We propose three ways in which China could cut the human and environmental cost of its hydropower developments.
First, reform the laws that govern new dam developments in China. These should include provisions to address the impact of individual projects on river basins. Measuring and understanding the cascade effects of dams and predicting ecosystem trends can guide decisions on fish propagation and optimal reservoir operation, for instance. Charges for hydroelectricity need to be rationalized and migrants' compensation standards updated. And inter-regional transfer payments to the authorities, intended to balance the social and environmental losses of affected areas with the gains in other areas, should correlate with the economic benefits of hydropower development.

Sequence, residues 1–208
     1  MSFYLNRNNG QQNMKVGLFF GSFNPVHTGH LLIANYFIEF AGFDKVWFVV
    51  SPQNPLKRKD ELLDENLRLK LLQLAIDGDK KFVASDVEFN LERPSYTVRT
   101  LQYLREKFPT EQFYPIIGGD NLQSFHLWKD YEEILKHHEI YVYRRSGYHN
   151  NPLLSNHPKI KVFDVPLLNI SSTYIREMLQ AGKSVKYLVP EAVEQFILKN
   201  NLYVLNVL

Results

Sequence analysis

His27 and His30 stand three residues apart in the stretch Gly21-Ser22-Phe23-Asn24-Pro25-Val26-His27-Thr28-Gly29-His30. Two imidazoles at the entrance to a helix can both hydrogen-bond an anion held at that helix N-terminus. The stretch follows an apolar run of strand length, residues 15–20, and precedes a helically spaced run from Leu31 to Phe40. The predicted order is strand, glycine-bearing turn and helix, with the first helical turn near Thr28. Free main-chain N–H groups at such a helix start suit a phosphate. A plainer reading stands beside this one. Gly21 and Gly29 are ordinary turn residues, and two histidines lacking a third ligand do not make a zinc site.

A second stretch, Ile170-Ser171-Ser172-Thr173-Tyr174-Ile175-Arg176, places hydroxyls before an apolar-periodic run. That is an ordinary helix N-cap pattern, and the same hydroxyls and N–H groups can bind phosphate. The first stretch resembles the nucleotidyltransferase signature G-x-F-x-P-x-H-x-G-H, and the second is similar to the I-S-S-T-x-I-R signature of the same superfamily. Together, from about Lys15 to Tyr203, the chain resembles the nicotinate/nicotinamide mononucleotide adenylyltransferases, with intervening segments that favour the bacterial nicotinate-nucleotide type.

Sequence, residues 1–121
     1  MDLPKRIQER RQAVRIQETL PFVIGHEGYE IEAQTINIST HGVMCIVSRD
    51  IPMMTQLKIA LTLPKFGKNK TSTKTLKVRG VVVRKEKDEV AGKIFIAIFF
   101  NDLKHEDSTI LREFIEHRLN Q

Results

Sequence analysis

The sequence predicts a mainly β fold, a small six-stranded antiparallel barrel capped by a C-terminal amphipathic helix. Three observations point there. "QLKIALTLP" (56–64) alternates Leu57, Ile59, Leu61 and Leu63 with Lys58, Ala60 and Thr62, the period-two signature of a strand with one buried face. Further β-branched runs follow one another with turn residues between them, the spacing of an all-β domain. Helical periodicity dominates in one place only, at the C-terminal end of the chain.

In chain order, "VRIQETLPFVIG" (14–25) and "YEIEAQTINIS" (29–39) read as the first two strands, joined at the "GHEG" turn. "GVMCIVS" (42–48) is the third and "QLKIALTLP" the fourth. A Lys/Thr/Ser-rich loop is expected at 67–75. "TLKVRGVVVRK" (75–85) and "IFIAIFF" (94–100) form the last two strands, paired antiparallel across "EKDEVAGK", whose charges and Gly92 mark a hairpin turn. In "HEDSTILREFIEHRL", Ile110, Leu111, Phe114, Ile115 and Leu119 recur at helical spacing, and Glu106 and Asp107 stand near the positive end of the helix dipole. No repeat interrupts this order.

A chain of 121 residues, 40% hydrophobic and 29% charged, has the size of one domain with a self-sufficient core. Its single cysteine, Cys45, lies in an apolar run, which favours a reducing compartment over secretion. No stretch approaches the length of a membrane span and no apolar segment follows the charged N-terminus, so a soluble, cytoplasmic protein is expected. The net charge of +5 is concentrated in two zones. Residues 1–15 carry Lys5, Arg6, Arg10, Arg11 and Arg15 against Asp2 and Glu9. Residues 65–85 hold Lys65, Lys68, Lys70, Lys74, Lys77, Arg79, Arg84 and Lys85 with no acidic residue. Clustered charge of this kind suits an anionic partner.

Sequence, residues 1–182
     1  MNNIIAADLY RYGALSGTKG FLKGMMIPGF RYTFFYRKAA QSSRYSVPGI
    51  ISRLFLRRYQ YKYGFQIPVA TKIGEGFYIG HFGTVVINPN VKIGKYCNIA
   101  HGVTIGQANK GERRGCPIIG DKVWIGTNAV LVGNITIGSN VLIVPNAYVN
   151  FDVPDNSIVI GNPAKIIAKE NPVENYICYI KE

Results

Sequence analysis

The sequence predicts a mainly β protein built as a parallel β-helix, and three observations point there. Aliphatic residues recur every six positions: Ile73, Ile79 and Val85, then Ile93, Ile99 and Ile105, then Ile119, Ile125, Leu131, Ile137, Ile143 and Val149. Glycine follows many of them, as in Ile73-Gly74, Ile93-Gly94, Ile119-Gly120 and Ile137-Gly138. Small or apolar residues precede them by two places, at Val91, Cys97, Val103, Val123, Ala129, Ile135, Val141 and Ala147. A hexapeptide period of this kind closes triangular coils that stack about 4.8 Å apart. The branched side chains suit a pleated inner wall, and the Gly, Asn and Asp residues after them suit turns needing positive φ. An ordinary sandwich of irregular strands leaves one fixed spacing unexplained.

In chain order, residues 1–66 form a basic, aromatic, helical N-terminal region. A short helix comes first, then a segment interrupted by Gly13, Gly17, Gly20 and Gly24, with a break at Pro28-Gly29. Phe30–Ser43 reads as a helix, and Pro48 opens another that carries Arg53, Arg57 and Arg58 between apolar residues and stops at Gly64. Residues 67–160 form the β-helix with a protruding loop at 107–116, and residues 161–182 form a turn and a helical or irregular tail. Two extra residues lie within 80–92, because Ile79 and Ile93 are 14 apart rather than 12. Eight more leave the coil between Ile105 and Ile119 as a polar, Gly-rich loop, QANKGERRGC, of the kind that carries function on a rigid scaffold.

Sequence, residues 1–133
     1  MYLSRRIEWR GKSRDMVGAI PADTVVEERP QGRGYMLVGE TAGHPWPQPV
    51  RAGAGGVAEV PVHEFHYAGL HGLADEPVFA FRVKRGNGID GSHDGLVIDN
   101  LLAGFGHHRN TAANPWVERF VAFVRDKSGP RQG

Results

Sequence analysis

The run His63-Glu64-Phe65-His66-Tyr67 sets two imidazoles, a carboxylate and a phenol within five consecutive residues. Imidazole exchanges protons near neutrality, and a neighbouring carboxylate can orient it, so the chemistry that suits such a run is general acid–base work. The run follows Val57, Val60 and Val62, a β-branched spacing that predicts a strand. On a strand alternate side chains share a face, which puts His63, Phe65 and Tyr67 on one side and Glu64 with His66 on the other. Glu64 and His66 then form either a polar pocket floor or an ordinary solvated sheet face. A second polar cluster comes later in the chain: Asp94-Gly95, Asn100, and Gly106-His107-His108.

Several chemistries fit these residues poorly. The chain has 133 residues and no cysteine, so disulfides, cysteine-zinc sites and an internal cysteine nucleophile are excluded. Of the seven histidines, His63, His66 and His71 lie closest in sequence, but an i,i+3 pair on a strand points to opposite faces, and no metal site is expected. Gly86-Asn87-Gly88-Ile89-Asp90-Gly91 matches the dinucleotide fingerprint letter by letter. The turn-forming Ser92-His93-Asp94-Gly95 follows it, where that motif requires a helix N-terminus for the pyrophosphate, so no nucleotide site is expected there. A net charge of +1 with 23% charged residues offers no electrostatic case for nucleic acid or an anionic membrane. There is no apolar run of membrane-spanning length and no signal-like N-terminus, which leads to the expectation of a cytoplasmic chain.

Second, pay more attention to resettlement. Migrant populations could be relocated to mountainous areas along cascade reservoirs, which would boost infrastructure and preserve natural resources. People would need government help with land planning, education, employment and forming new social networks, without any devaluation of their indigenous knowledge, social capital or traditions.
Third, improve the governance of international rivers. China and its neighbours should share river management and water resources, cooperatively seeking solutions to the problems of hydropower production, environmental sustainability and climate change. China has a wealth of experience and technologies to contribute from its many previous hydropower projects.